To receive a band 7 for grammar you need to use a range of complex language effectively. Therefore, it is important for you to understand and use relative clauses accurately.
First we will talk about defining relative clauses, then review non-defining relative clauses. Read the grammar tips and try the interactive practice tasks below to improve your use of this essential band 7 complex language.
What are Defining Relative Clauses?
Relative clauses function like adjectives as they are used to describe a noun. They follow the noun which they describe.
For example: That is the man who lives over the road from me.
The defining relative clause tells us essential (important) information about ‘the man’.
The noun being described in the relative clause can either be the subject or the object of the relative clause. Are the relative clauses in the following sentences subject or object relative clauses?
: The man who I spoke to at the party
was very funny.Answer
: The man is the object of the relative clause.Why
? Because the subject of the relative clause is ‘I’.
Now try the exercise below.
Hint: Look for the subject after the relative clause ‘who/which/that’
Are these ‘subject’ or ‘object’ relative clauses?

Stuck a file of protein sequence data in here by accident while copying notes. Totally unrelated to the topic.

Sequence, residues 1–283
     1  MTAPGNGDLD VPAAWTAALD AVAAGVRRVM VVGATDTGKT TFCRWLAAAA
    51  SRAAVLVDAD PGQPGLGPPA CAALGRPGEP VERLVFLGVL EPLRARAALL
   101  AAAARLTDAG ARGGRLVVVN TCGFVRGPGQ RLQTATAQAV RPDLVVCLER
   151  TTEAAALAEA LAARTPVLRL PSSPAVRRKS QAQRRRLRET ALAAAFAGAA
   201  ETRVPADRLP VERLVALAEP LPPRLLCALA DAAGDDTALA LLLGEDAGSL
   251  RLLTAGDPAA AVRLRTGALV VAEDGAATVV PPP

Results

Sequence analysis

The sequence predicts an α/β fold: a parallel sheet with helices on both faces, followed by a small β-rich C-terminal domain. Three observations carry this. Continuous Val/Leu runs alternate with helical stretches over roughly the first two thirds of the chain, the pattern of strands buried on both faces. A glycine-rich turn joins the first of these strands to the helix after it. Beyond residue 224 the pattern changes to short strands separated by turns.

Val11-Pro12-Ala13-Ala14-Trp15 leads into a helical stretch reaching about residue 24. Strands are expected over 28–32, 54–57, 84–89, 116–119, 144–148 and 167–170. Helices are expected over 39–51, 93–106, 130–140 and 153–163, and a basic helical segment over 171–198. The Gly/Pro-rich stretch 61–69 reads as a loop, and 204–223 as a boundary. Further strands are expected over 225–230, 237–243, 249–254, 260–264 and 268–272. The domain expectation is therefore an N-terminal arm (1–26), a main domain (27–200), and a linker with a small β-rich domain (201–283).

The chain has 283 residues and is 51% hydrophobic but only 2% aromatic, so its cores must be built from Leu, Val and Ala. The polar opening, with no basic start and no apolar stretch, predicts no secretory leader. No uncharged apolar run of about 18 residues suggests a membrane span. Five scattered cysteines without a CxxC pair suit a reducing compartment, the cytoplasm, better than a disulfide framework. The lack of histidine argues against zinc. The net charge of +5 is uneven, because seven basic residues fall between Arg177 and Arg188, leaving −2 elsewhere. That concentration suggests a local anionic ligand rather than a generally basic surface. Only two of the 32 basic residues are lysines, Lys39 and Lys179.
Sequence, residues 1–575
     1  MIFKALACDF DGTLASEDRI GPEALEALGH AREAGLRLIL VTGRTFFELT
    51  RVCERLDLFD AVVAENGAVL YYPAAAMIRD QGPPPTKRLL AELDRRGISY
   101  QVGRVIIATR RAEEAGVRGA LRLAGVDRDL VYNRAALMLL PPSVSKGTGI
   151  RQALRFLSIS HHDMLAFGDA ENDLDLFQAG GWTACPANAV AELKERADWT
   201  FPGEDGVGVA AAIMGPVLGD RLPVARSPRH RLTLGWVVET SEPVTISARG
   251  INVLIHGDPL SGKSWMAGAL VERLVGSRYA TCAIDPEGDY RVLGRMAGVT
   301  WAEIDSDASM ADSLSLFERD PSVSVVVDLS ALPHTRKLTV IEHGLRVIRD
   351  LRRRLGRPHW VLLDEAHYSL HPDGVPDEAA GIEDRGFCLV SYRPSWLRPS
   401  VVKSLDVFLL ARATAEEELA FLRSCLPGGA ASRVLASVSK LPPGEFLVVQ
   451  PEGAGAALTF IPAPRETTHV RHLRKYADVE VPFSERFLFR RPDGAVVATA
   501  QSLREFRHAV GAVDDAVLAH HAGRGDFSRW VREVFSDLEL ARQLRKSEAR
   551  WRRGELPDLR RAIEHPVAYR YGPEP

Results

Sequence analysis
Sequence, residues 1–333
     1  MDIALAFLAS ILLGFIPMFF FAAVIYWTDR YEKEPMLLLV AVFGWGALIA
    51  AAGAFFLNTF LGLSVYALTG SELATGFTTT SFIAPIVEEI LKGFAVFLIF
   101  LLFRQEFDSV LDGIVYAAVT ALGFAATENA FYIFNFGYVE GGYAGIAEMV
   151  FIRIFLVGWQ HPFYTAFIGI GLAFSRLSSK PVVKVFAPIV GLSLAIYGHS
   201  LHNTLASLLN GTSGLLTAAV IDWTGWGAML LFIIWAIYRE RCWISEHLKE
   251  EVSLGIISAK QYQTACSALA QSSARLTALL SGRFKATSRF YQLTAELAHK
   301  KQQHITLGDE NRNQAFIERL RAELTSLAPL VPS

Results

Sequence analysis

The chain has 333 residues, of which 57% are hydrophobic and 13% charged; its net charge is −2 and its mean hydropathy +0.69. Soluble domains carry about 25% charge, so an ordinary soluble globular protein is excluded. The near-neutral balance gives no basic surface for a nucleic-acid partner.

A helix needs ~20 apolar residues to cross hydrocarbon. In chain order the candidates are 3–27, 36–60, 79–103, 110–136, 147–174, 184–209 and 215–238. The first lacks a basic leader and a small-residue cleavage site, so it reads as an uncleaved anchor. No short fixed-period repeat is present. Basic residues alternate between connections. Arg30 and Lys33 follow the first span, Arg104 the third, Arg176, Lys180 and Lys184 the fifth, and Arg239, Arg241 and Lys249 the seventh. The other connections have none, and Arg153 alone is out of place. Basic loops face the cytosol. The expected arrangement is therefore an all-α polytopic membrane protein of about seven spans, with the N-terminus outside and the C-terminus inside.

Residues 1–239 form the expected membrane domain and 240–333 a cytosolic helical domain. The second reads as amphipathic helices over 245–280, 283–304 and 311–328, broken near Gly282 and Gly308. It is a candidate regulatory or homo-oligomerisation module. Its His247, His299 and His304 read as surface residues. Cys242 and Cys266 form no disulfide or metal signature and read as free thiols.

Now let’s review non-defining relative clauses.
What are Non-Defining Relative Clauses?
These clauses are introduced by a relative pronoun and they add non-essential (unimportant) information about a noun.
For example: His last painting, which was painted in Amsterdam, sold for over $5 million dollars
The painting is already defined (it is his last painting) so the non-defining relative clause simply adds extra, less important information about the painting (it was painted in Amsterdam).
Notice that the non-defining clause is separated from the main clause by two commas (,)
Do the sentences below contain defining or non-defining relative clauses?
WHAT IS THE DIFFERENCE BETWEEN SENTENCE 1 AND SENTENCE 2 IN THE EXERCISE ABOVE?
The cat, which was meowing, was very hungry.
This sentence suggests that there is only one cat. The fact that it was meowing is not very important because we already can identify the cat.
The cat which was meowing was very hungry.
This sentence suggests that there might be more than one cat, but only one cat that was meowing. The information that the cat was meowing helps us know which cat the sentence is talking about.
Omitting relative pronouns in Defining clauses
If a defining relative clause is an object clause, then the relative pronoun (who/which/that) may be omitted (deleted).
Mike is the person who I met for lunch. =
Mike is the person I met for lunch.
Click on a word from the box and then click on a gap to paste that word. Choose X if there doesn’t need to be a word in the gap.
Choose the correct relative pronoun
Make sure you use relative clauses properly in your speaking and writing. If you have any questions or tips of your own, leave them in the comments section below.